Sunday, April 17, 2011

'Robot Journalist' Out-Writes Human Sports Reporter

"Okay, so it's not really a robot. It's actually a software program. You feed it data, it processes that data, and it spits out a news story putting those numbers you gave it into context — just like you'd see in your local newspaper. In the beginning, it was used exclusively for sports stories and a lot of people were skeptical — namely, real-life sports journalists. "I always imagine kind of the robot you imagined in the third grade with the boxy body and the antennae arms, standing in front of a keyboard," says Emma Carmichael, a writer for the sports website Deadspin. She and her colleagues at Deadspin took a few digs at the idea, and this spring, when they came across a particularly bad account of a baseball game on the college sports website they assumed it was machine generated. University of Virginia player Will Roberts had pitched a perfect game against George Washington University. The story on neglected to mention that fact until the second-to-last paragraph. "That was shocking," Carmichael says. "This was the first time this had happened in the NCAA since 2002. And when it happens, you expect to see it in the headline and you expect to see everyone talking about that aspect of the game." The writer of that story — it turns out — was a living, breathing human being. But the creators of Narrative Science, a news-writing software program, took Deadspin's assumption as fighting words. They set out to prove that their system could produce a better story. "We actually got hold of the information director of the school, we got the raw material, the numbers around the story," said Kris Hammond, Chief Technology Officer of Narrative Science. "And we fed it to our system, which wrote the story, where the headline and the lead were focused on the fact that it was a no-hitter. Because how could you write a baseball story and not notice that it was a no hitter? I mean what kind of writer or machine would you be?" And, here's the machine-generated copy they sent in to Deadspin: "Tuesday was a great day for W. Roberts, as the junior pitcher threw a perfect game to carry Virginia to a 2-0 victory over George Washington at Davenport Field. Twenty-seven Colonials came to the plate and the Virginia pitcher vanquished them all, pitching a perfect game. He struck out 10 batters while recording his momentous feat. Roberts got Ryan Thomas to ground out for the final out of the game. Tom Gately came up short on the rubber for the Colonials, recording a loss. He went three innings, walked two, struck out one, and allowed two runs. The Cavaliers went up for good in the fourth, scoring two runs on a fielder's choice and a balk." Deadspin conceded. They published a follow up, saying that — in this case — the machine did write the better story..." The above is quoted from NPR - To read this item in its entirety and listen to the NPR audio at this item's source, go to:

Monday, April 11, 2011

High School Builds Robot for Florida Police Department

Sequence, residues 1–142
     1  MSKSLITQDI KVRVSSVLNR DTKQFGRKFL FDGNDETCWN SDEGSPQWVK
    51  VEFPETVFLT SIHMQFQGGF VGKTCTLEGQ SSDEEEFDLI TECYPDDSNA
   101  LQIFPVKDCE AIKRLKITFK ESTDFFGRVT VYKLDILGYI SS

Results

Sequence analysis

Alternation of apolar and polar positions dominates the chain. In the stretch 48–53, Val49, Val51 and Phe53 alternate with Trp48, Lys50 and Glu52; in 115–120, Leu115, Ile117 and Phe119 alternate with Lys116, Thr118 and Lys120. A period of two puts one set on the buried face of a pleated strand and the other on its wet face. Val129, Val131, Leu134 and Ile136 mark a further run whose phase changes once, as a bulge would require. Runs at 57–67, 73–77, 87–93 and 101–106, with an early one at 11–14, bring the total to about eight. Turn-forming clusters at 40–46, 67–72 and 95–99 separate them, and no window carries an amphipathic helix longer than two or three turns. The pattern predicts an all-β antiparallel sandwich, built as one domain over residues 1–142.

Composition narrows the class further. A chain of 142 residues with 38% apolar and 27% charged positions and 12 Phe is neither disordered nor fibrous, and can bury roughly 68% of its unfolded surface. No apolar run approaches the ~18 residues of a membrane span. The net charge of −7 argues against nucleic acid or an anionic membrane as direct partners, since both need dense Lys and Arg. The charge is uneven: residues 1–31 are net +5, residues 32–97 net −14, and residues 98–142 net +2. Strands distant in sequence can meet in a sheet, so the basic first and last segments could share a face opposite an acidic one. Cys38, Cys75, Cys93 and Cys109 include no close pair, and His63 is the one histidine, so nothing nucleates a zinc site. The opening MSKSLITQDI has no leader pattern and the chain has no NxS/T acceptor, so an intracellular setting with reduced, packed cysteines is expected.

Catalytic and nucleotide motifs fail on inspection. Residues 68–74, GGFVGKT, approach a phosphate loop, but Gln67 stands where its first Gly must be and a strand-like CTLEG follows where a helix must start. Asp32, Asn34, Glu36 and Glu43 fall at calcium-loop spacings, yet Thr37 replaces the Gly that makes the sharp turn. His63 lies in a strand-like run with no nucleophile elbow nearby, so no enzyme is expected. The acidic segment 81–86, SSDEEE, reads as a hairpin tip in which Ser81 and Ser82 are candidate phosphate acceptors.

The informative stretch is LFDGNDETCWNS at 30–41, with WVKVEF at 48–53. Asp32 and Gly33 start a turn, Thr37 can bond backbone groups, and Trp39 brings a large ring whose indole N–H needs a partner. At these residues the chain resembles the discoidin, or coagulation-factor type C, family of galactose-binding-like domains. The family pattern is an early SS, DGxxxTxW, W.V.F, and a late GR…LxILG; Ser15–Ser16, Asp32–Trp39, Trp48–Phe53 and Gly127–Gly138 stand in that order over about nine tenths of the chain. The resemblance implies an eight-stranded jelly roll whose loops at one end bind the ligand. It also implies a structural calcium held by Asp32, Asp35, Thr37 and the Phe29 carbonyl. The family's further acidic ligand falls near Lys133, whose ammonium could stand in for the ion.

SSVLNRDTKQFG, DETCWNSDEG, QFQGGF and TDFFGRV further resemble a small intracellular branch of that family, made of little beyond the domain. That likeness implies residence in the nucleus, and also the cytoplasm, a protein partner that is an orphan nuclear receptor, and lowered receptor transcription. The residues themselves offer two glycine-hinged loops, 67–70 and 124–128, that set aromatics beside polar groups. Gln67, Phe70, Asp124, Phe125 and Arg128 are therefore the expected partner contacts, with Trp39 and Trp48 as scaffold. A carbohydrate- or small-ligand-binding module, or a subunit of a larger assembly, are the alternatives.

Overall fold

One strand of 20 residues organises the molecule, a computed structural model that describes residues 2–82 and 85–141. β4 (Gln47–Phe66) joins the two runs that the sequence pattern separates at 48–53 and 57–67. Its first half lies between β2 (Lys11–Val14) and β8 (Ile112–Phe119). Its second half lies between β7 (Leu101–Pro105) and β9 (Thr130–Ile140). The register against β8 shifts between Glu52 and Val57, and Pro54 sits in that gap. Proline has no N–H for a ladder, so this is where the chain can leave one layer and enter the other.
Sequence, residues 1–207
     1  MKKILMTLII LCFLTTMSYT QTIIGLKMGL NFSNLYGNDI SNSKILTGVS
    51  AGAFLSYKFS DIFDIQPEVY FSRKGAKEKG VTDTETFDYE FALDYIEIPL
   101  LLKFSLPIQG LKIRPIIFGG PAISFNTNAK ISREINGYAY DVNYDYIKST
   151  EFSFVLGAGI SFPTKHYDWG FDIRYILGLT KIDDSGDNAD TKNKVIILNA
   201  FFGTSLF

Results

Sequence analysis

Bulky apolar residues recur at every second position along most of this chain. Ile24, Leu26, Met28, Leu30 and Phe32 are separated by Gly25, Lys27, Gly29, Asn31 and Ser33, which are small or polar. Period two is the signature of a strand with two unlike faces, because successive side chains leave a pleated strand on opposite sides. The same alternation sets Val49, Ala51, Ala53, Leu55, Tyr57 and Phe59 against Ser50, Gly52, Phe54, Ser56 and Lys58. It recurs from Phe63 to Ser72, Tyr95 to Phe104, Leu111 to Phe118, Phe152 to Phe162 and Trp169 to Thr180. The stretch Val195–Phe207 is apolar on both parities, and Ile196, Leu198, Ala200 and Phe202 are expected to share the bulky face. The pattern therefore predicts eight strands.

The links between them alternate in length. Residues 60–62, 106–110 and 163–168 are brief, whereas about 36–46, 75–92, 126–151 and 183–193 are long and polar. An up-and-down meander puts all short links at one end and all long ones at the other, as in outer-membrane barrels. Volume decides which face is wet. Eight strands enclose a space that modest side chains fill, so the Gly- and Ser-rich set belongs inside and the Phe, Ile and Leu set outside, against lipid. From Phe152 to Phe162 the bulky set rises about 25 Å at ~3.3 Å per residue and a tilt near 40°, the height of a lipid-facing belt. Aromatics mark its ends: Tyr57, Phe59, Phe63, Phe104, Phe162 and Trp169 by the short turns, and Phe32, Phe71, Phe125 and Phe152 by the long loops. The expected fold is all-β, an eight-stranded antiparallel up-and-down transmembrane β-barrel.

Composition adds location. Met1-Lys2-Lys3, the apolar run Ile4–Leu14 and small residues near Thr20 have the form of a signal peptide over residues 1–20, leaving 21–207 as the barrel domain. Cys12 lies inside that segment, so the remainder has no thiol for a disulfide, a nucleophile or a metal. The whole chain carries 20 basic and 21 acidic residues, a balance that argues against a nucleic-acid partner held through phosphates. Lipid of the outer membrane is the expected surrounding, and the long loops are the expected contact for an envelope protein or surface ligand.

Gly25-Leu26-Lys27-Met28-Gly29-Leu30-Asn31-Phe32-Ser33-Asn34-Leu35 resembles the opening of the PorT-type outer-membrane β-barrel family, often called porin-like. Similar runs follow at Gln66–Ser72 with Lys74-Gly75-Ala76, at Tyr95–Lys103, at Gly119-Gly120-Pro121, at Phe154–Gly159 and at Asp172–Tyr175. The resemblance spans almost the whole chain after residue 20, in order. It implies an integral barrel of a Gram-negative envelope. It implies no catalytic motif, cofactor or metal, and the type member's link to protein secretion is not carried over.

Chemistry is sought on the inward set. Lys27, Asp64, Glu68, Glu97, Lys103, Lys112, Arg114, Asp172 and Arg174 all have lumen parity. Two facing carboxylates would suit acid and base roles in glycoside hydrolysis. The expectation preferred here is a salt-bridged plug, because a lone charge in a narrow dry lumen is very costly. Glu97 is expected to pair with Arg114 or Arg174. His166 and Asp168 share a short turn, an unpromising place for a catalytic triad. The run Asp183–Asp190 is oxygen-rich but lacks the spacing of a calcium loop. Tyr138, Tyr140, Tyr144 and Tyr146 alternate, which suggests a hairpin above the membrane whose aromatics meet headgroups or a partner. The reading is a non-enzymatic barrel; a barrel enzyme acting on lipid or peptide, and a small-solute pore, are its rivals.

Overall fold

From Government Technology: "...The newest member of the Rockledge, Fla., Police Department is two feet tall and weighs 100 pounds, but it’s not police dog — it’s a robot named PDbot. Nearly a year and a half ago, the Police Department tapped Rockledge High School to build a robot for assisting with police operations. The robot has since been completed and has been with the department for nearly a week. PDbot will soon be working with officers in training exercises to eventually be taken out into the field. The idea to acquire a robot or similar mechanism came to be when the department started discussing new ideas to deliver “throw phones” in hostage situations, said Chris Cochie, an investigator for the department. A throw phone is a phone that’s delivered to a hostage-taker to create a line of communication with police during negotiations. “I thought it’d be cool if we had some sort of remote control car or vehicle or something that we could attach the throw phone to, to drive it up to the bad guy,” Cochie said. The Police Department decided to approach the local high school about building and donating a robot to the department since it didn’t have the budget to purchase one. Rockledge High School is known to have one of the best robotics teams in the country, so approaching it was the smart choice, Cochie said. During one of the high school’s football games, the department’s former SWAT commander approached Marian Passmore, a math and science teacher (and current instructor for the school’s robotics team), about the idea, which she agreed to. Students from nearby Cocoa Beach High School joined the team as well. For a year and a half, a subgroup of the robotics team — 14 students total during the course of the project — prototyped, designed and built PDbot, Passmore said. Once completed, the robot was not only able to deliver a throw phone, but also can deliver medical supplies or other items during a crisis situation. In addition, the robot can launch smoke bombs, has video capability for drug surveillance, infrared for nighttime operations as well as other features. PDbot can be remotely operated up to 500 feet from the driver’s station. During a training exercise with the department’s SWAT team, to test the robot’s strength, an officer laid on the ground and had the robot push and pull him in the grass. Passmore said another officer commented that the robot’s pulling capability would be beneficial if an officer was injured during police operations because PDbot could pull him or her to a safe location. Because the Police Department lacked the funds to purchase a robot, obtaining money to build PDbot was the robotics team’s responsibility. Every year the team raises between $45,000 and $50,000 through fundraising, educational outreach grants and from local businesses, and the team put $14,000 toward the PDbot project, Passmore said. While the students were the robot’s main designers and builders, mentors from NASA and the Kennedy Space Center also came on board to help the students complete the project, Passmore said. “The biggest challenge is that they are kids. People have to remember that they are students, they’re not engineers when they’re in high school,” Passmore said, later adding, “But they’ve had some experiences that maybe a normal science class that you walk into, those kids wouldn’t have had.” According to a press release, the next version of PDbot is under development and will add full duplex audio, an attachment to break through glass doors, a taser and more." To read the complete article at its source go to: